Crypto fans who invested in high-flying and incredibly high-priced non-fungible token (NFT) collectables have reason to be nervous that the collapse of a high-flying crypto hedge fund could force an unwanted reality check into how far the market has really collapsed.
Three Arrows Capital collapsed after losing a fortune in an obscure decentralized finance (DeFi) token called “stored Ethereum,” or stETH. Its insolvency spread throughout crypto, sending several big crypto lenders like Voyager Digital and BlockFi to their knees.
The wallet in which Three Arrows Capital — often called 3AC — stored its NFT investments is now worth $3.87 million, according to DeFi tracking site DappRadar.
NFTs are a type of cryptocurrency in which each token is unique — the non-fungible part — and can hold media, including art, music, videos and documents. They are even being tested by major banks and financial institutions (FIs) to settle eight- and nine-figure financial instrument transactions.
Three Arrows sold its NFT portfolio as shares in a fund called Starry Night, curated by a prominent yet anonymous NFT collector called Vincent Van Dough, CoinDesk reported.
The NFT craze began in March 2021, when digital artist Mike “Beeple” Winklemann sold a collage of 5,000 works — not the individual works themselves, mind you — for almost $69 million at the storied auction house Christie’s.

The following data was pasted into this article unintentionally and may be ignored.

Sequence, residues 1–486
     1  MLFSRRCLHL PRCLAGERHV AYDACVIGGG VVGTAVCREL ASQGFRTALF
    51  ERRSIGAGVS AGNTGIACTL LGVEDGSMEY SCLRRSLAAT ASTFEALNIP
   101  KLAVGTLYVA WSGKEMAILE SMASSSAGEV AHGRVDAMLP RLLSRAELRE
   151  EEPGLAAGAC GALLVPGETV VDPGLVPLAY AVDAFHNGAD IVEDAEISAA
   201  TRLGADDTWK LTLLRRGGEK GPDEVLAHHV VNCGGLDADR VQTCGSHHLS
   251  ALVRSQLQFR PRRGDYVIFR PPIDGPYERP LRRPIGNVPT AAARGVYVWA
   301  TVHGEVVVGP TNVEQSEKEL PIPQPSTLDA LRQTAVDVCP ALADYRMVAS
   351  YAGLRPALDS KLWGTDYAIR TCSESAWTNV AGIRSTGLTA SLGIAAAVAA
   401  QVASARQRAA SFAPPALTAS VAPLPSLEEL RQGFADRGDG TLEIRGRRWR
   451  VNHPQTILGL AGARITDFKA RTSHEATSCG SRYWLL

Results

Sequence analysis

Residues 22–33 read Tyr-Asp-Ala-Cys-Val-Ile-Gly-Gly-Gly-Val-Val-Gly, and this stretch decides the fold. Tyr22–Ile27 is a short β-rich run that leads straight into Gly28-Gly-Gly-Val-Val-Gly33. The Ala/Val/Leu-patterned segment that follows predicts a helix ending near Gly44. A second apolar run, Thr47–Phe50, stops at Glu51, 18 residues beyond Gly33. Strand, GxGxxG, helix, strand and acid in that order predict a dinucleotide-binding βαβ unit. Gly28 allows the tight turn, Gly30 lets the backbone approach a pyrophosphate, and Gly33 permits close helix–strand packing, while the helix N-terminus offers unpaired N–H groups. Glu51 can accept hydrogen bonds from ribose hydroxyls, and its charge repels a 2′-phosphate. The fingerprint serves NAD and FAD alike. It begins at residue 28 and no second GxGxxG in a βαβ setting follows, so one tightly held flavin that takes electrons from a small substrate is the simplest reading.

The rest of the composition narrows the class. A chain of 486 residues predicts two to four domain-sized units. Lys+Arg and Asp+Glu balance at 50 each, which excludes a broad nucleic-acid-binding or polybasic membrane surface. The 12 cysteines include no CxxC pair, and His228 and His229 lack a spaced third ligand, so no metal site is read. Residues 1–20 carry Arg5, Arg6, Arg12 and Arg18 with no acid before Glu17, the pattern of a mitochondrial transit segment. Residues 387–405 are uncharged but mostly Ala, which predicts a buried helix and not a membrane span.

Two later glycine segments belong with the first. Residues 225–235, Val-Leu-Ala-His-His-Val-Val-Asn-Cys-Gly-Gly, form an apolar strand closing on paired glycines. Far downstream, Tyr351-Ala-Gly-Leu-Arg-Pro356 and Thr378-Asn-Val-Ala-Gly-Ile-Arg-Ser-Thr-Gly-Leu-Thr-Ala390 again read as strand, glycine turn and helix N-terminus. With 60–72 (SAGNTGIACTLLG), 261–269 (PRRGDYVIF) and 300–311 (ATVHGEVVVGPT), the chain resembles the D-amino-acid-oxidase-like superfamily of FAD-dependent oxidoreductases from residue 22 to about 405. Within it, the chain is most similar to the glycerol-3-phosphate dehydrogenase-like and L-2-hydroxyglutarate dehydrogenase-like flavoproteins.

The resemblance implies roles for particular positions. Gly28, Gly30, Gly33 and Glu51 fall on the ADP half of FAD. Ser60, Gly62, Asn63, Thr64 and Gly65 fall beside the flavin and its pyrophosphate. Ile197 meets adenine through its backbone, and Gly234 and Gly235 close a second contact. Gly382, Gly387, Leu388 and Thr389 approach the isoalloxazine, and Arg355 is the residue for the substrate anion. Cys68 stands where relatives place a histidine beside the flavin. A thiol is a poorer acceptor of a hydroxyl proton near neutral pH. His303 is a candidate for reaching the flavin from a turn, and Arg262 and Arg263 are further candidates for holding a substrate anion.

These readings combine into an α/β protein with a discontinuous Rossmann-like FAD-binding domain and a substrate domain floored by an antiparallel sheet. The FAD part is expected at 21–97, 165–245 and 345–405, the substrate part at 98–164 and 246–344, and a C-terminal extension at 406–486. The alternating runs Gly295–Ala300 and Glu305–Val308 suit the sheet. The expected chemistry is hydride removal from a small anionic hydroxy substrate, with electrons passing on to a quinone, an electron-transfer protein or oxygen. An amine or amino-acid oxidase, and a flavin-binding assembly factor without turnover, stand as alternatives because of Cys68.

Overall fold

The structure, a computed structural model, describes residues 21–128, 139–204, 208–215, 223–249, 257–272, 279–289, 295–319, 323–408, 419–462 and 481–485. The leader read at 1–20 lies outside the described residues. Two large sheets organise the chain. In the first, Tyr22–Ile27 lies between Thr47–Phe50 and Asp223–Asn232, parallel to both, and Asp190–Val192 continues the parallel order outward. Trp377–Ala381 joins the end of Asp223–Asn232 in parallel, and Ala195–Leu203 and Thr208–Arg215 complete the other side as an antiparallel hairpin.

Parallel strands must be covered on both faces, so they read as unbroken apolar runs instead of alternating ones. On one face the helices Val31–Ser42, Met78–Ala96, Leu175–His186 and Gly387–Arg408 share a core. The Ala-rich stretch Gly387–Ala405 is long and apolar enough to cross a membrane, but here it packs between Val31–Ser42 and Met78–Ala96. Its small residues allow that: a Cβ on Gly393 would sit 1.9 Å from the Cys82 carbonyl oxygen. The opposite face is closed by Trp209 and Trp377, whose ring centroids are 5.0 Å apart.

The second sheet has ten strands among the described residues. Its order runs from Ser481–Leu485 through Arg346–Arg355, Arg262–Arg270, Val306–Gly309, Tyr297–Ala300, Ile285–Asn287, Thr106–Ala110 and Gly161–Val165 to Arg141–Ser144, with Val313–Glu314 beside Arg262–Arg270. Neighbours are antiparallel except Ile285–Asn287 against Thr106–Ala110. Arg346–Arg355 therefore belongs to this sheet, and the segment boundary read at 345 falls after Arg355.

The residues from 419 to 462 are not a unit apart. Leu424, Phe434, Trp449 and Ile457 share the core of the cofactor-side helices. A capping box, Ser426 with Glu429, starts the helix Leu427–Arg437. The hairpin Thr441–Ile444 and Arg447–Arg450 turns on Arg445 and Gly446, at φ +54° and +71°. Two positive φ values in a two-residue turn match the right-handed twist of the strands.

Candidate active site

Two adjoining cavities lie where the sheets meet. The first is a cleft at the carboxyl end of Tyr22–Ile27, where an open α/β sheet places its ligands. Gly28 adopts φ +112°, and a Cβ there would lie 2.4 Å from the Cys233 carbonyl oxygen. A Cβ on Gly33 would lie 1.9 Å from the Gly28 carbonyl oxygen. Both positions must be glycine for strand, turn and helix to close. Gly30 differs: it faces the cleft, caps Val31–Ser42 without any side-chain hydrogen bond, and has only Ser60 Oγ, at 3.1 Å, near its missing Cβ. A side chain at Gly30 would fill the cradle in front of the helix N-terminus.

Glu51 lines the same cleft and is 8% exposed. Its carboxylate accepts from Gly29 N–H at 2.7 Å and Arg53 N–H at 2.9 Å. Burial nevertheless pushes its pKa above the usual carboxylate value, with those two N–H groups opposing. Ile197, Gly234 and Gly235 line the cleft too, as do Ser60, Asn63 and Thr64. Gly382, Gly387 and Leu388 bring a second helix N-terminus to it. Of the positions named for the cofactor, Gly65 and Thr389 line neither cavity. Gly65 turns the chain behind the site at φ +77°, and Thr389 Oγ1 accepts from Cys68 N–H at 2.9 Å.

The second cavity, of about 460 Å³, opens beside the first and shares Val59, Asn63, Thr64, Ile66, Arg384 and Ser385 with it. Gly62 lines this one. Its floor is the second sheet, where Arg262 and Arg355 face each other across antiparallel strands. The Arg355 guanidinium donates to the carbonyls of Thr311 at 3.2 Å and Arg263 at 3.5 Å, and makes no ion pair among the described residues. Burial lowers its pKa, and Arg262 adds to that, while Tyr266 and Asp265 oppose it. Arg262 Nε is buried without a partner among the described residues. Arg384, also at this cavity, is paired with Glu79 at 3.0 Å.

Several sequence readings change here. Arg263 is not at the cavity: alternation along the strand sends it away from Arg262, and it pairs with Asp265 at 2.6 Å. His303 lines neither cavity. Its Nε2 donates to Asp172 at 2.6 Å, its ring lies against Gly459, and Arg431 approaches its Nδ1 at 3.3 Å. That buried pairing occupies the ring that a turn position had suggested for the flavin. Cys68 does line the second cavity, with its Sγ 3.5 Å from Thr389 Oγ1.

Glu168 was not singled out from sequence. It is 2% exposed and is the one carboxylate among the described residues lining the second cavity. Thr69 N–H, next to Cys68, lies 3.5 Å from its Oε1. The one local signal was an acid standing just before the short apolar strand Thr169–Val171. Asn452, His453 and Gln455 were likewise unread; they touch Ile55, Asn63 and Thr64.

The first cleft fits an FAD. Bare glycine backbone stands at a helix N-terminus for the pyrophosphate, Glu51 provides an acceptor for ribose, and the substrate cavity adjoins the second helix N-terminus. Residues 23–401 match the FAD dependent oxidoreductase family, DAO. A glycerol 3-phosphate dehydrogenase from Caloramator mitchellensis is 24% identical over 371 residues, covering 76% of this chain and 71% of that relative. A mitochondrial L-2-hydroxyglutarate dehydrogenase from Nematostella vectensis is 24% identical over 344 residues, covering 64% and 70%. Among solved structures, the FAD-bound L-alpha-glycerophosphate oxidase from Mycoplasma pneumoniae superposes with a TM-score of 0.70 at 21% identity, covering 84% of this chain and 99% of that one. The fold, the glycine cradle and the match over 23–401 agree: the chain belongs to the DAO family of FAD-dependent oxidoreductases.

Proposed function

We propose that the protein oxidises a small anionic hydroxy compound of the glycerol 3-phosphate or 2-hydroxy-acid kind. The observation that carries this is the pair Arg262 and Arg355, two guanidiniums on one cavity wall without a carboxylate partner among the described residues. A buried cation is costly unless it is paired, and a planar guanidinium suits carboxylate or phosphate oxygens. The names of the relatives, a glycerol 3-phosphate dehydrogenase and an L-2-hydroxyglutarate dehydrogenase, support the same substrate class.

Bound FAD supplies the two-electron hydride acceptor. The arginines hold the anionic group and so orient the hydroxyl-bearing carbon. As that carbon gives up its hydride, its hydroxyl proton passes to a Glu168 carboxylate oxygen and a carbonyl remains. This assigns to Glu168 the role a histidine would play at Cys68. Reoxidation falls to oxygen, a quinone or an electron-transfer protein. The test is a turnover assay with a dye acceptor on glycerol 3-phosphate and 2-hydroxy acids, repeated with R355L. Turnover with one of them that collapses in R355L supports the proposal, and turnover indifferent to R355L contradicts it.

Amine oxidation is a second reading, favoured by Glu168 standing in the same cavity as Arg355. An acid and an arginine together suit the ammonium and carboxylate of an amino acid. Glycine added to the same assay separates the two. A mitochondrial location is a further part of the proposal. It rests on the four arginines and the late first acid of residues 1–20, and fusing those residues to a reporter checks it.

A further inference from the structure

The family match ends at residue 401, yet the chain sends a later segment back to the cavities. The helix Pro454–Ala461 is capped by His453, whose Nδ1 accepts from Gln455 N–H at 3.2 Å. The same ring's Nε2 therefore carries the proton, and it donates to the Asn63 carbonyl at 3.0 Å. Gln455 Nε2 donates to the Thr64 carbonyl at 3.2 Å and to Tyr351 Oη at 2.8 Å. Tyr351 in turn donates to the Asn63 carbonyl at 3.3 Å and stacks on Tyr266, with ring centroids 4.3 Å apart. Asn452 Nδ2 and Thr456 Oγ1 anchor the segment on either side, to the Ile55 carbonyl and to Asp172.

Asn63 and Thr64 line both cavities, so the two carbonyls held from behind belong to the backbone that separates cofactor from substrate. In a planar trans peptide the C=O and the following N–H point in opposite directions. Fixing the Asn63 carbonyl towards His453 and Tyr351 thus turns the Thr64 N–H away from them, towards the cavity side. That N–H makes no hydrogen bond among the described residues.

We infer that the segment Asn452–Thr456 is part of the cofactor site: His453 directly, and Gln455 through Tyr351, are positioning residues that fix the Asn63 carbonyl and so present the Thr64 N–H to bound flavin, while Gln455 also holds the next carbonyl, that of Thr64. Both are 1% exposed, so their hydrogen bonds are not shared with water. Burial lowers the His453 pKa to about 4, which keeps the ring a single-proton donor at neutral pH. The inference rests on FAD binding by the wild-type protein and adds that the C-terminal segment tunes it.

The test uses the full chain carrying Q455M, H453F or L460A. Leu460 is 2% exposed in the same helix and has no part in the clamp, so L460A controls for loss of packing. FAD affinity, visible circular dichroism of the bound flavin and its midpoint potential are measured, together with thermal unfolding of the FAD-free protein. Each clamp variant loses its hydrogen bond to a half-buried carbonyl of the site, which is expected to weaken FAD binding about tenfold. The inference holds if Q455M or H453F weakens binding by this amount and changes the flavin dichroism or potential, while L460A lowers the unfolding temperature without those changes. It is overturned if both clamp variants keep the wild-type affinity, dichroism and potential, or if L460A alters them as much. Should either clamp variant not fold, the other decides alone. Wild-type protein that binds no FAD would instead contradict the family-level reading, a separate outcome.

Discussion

Sixteen months later, 8-bit pixelated picture mohawk- and earring-sporting CryptoPunks and snappily dressed cartoon simians of the Bored Ape Yacht Club (BAYC) were regularly pulling in hundreds of thousands and even millions of dollars at top auction houses and NFT marketplaces.
The bottom fell out of the NFT market, along with bitcoin and the rest of the crypto market, and sales are down 84% since last June, according to NFT tracking site CryptoSlam.
At its peak last September, weekly NFT sales were sitting around 225,000, and new token launches substantially outnumbered resales.
Now the weekly sales number for new NFTs is about 22,000 — less than 10% of its high — as the sale of new tokens dropped 6,400 while the secondary market was nearly triple that at 16,000, according to NonFungible.
This suggests that not only are vastly fewer NFT collections being launched, but far more people are trying to get rid of them — which brings us back to the real value of that $21 million NFT investment.
On Friday, the estimated value of Starry Night was $4.2 million. But TR1, a U.K.-listed digital asset fund that is Starry Night’s only institutional investor, has written off the entire value of its Starry Night investment, CoinDesk said.
In May, The Wall Street Journal said the NFT bubble had “flatlined,” pointing out that another early, outlandishly-priced NFT of former Twitter CEO Jack Dorsey’s first tweet — which sold for $2.9 million in March 2021 — was put up for auction and saw bids top out well under $1,000. But people were still buying, if for far less money.
That’s no longer the case.
Which suggests that NFT investors with a good ear for the market have gotten out or are hanging on hoping for better days. But the bubble relied on a boom in creating new NFTs as much as it did their resale at skyrocketing prices.
The forced liquidation 3AC’s Starry Night collection is about to show a true picture of the market, and it may be a lot less fantastical than its namesake.
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